• G.R. No. 161827 - SESINANDO POLINTAN v. PEOPLE OF THE PHILIPPINES

  • G.R. No. 162272 - SANTIAGO C. DIVINAGRACIA v. CONSOLIDATED BROADCASTING SYSTEM, INC., ET AL.

  • G.R. No. 162370 - DAVID TIU v. COURT OF APPEALS AND EDGARDO POSTANES

  • G.R. No. 163072 - Manila International Airport Authority v. City of Pasay, et al.

  • G.R. No. 163583 - BRITISH AMERICAN TOBACCO v. JOSE ISIDRO N. CAMACHO, ET AL.

  • G.R. NOS. 163957-58 and G.R. NOS. 164009-11 - MUNIB S. ESTINO AND ERNESTO PESCADERA v. PEOPLE OF THE PHILIPPINES/ ERNESTO G. PESCADERA v. PEOPLE OF THE PHILIPPINES

  • G.R. No. 164170 - MACA-ANGCOS ALAWIYA Y ABDUL, ET AL. v. HON. SIMEON A. DATUMANONG, ET AL.

  • G.R. No. 164213 - VALENTIN CABRERA ET AL. v. ELIZABETH GETARUELA ET AL.

  • G.R. No. 164368 - People of the Philippines v. Joseph Ejercito Estrada, et al.

  • G.R. No. 164681 - BERNARDINO V. NAVARRO v. P.V. PAJARILLO LINER AND NLRC

  • G.R. No. 165443 - CALATAGAN GOLF CLUB, INC. v. SIXTO CLEMENTE, JR.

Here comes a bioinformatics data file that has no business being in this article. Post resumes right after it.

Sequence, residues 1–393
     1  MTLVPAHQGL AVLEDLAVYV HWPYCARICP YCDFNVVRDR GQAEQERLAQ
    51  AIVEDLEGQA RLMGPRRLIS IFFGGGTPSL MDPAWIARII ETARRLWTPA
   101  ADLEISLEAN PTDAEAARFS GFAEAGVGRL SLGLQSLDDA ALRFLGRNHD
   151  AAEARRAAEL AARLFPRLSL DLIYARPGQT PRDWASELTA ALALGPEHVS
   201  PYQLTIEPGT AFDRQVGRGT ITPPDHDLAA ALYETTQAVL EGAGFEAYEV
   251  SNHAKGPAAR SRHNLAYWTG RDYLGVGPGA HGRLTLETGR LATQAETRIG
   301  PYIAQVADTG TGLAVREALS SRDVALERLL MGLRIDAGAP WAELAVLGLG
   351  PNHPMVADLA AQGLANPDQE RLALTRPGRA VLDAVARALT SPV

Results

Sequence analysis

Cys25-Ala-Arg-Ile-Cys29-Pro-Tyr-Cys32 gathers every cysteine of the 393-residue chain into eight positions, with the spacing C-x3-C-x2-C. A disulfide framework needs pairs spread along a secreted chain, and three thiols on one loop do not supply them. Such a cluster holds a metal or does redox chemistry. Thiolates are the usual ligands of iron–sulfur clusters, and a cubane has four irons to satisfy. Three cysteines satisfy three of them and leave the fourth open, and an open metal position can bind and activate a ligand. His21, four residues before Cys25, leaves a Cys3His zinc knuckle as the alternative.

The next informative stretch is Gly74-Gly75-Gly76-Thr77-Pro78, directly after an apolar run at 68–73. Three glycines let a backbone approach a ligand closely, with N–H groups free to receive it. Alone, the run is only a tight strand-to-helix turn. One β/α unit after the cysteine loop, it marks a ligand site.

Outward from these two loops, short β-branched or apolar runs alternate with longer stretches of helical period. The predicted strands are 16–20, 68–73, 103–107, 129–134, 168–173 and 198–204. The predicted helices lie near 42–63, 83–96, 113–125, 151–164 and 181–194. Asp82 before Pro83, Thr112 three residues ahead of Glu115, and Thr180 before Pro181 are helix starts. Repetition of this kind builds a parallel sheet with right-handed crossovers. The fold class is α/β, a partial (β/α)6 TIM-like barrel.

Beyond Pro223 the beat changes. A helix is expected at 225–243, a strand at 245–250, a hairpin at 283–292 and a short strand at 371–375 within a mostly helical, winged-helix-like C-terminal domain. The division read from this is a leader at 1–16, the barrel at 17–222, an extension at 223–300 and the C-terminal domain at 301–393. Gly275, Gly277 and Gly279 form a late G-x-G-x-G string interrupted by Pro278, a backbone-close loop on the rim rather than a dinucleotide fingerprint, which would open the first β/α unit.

• G.R. No. 164785 and G.R. NO. 165636 - ELISEO F. SORIANO v. MA. CONSOLIZA P. LAGUARDIA ETC.

  • G.R. No. 165927 - ERNESTO Z. GIDUQUIO v. PEOPLE OF THE PHILIPPINES

  • G.R. No. 166199 - THE SECRETARY OF JUSTICE, ET AL. v. CHRISTOPHER KORUGA

  • G.R. No. 166510 - PEOPLE OF THE PHILIPPINES v. BENJAMIN "KOKOY" T. ROMULADEZ AND THE SANDIGANBAYAN

  • G.R. No. 166748 - LAUREANO V. HERMOSO, ET AL. v. HEIRS OF ANTONIO FRANCIA AND PETRA FRANCIA

  • G.R. No. 167768 - MALAYAN INSURANCE COMPANY, INC. v. VICTORIAS MILLING COMPANY, INC.

  • G.R. No. 168273 - HARBOR VIEW RESTAURANT v. REYNALDO LABRO

  • G.R. No. 168631 - LAND BANK OF THE PHILIPPINES v. CAROLINA VDA. DE ABELLO, ET AL.

  • G.R. No. 168716 - HFS PHLIPPINES, INC., RUBEN T. DEL ROSARIO AND IUM SHIP MANAGEMENT v. RONALDO R. PILAR

  • G.R. No. 168734 & G.R. No. 170621 - MARCELINO LOPEZ, ET AL. v. HON. COURT OF APPEALS, ET AL./ NOEL RUBBER AND DEVELOPMENT CORP, ET AL. v. JOSE ESQUIVEL, JR., ET AL.